What Has Changed for Jake McGee?
New season, new Jake McGee. In 2011, the lefty McGee struggled the entire season, spending time at Triple-A and posting just a 4.50 ERA and a 4.70 FIP in the big leagues. He showed off his plus stuff with an 8.7 K/9 but he walked 3.9 batters per 9 innings and allowed a ghastly 1.6 HR/9. He allowed flyball after flyball, managing just a 32.5% groundball rate, and he payed dearly in terms of the longball. But in 2012, it has been a completely different story. McGee’s ERA and FIP have free-falled to just 1.77 and an even-lower 1.58 respectively entering Wednesday as he has upped his K rate to 10.6 per 9, cut his BB/9 to 2.7, and not allowed a single home run- a fluke but not as much as you would think because his groundball rate has gone up to a much more respectable 42.9%. The stats are certainly a lot better. But is there a noticeable difference in his pitches that has led to the better performance? We go to the graph, which features Pitch F/X data courtesy of Brooks Baseball in my original display.
Haven’t done one of these in a while, so here’s a quick refresher course. These graphs display the movement on a pitchers’ pitches, in this case Jake McGee. Each colored line in the graph displays the movement of a different pitch. Looking at the key tells you which pitch is which, how often each pitch was used, and what the pitches’ average velocity was. It terms of visualizing the lines, picture them as if you’re in the batter’s box and they’re coming towards you or alternatively, each pitch moves approximately the same distance from the pitcher’s mound until it crosses the plate (other than say 58-footers), and we’re ignoring that to just look at the vertical and horizontal movement. For a more detailed information on this and on the entire concept of Pitch F/X as whole, you can see here.
Now, let’s analyze this. The first thing that stands out is the key. McGee scrapped the pitch that Pitch F/X identified as a curveball, instead throwing his fastball and slider a little more and mixing in his changeup a couple of times. McGee’s movement on his fastball and slider looks about the same, maybe a little more horizontal movement and a little less downward movement on his slider. But the big difference is velocity. McGee’s fastball velocity has been up a bit, jumping from an average of 95.6 MPH to 96.1 MPH, not a huge difference but certainly noticeably for opposing hitters. But look at the slider. McGee is throwing it nearly 3 MPH harder, 87.2 MPH to 84.4 MPH. What has that done? It has helped him control it better because it has moved a little less. McGee’s fastball control has been about the same as he has located it in the strike zone right around 70% of the time. But his control of his breaking ball has improved astronomically, throwing it for a strike 58% of the time compared to just 41.5% in 2011. There is just a 4.7% chance that type of improvement would occur by chance alone. His improved control of the pitch has helped him spike his whiff rate on the pitch from 5.7% to 12.0%. And that in turn has helped his fastball. There is another, more subtle thing as well: if you look carefully at the graph, you can see that the lines for the fastball and slider in 2012 start almost identically compared to being just slightly off in 2011. That little bit of deception just makes him slightly tougher, and he’s hard enough to hit right now.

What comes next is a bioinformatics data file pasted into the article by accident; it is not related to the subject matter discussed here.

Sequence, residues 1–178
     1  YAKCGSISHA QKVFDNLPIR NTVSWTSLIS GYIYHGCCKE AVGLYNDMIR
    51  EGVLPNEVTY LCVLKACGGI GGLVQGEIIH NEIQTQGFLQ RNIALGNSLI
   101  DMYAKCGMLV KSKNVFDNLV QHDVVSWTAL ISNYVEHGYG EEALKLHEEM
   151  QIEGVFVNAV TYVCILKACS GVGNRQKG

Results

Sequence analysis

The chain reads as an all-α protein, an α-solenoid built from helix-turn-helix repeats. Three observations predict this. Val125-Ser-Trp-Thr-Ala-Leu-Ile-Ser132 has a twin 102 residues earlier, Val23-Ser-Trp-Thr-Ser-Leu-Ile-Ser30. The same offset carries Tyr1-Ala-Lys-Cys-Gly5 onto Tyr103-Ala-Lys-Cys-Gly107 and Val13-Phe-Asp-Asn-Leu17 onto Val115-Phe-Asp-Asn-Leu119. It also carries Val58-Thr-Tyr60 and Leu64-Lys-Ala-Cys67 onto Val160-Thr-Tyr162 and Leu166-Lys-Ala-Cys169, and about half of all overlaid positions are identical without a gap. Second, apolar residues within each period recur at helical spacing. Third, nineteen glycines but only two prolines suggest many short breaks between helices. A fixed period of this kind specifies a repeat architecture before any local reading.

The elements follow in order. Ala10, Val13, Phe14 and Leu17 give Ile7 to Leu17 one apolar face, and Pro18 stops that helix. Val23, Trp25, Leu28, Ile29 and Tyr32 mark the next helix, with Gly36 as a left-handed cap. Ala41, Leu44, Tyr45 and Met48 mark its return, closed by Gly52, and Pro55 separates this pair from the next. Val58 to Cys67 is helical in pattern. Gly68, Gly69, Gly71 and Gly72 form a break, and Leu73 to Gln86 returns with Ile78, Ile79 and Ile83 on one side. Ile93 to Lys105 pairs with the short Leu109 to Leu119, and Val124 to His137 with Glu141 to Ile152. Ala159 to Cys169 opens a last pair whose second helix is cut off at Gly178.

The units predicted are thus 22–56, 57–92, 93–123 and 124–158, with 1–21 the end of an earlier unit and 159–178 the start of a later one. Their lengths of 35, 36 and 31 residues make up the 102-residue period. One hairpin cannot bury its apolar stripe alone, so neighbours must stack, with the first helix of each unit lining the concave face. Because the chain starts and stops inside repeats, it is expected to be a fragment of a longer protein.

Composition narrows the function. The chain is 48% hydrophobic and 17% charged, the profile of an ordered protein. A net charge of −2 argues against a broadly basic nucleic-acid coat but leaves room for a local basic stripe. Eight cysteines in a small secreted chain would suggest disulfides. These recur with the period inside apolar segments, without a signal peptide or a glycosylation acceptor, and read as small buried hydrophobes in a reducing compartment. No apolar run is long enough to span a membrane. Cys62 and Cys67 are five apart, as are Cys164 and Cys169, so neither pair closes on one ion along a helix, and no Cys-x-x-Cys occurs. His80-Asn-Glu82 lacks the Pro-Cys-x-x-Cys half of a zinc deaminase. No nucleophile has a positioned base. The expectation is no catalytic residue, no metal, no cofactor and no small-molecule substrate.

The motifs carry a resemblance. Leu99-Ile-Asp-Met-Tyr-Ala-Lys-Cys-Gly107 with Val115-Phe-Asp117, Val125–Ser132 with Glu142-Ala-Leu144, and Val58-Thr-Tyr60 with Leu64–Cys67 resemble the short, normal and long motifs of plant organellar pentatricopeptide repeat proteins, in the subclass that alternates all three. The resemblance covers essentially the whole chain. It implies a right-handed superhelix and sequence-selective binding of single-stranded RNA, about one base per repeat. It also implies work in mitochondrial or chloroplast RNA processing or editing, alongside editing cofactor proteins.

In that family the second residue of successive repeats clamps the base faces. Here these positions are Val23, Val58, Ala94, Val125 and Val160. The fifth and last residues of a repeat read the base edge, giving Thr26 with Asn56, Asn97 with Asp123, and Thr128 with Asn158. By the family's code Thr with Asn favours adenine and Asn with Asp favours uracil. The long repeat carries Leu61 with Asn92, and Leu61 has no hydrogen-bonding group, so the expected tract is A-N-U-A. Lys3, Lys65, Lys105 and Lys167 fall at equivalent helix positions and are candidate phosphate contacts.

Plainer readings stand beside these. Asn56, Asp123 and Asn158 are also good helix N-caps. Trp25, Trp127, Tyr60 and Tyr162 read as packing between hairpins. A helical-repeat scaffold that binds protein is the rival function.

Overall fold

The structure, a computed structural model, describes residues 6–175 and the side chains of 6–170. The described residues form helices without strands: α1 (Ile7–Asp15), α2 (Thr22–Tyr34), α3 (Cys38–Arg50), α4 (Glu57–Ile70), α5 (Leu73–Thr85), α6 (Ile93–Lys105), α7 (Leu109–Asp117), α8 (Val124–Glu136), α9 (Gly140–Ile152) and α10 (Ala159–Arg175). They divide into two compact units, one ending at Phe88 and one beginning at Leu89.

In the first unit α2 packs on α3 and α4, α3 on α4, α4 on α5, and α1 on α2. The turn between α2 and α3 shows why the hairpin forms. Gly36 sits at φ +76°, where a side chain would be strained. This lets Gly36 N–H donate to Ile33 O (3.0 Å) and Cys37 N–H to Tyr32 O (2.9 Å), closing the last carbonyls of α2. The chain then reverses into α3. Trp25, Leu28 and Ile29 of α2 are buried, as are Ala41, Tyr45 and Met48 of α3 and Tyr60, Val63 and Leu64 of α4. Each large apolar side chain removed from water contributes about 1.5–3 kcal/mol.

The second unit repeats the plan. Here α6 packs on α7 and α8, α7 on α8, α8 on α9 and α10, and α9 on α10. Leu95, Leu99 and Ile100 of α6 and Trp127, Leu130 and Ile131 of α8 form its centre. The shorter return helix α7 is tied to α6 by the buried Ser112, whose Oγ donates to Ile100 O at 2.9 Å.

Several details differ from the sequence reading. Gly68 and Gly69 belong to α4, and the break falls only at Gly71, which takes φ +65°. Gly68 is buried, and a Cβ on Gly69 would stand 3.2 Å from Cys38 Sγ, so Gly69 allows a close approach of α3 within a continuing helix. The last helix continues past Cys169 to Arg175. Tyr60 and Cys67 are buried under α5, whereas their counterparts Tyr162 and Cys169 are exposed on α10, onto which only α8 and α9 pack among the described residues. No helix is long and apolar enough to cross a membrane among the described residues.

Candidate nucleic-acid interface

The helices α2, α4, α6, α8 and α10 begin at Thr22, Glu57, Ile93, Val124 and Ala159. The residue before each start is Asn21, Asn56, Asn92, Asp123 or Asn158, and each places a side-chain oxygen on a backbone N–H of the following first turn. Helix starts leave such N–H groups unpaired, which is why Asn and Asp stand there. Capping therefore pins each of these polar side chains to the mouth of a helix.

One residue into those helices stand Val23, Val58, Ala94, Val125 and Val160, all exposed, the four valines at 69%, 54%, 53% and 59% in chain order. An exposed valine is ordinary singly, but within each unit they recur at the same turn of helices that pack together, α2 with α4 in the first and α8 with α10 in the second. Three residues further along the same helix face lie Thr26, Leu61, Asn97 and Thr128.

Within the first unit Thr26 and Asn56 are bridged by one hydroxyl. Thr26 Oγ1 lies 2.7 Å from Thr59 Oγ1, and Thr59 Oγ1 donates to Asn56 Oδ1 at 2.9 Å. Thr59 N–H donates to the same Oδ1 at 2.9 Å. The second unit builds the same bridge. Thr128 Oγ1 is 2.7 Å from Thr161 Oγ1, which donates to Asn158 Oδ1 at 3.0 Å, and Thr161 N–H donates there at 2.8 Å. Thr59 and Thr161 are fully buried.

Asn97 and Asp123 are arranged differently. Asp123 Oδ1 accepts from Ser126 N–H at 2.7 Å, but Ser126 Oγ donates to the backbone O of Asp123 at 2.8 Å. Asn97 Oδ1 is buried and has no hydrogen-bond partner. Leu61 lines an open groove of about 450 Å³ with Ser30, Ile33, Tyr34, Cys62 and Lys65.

We have known for a while that Jake McGee has outstanding stuff. But in 2012 he has tightened everything up and the results have been incredible. Jake McGee has the ability to be a closer someday. If his stuff continues to be as sharp as this, someday will come sooner rather than later.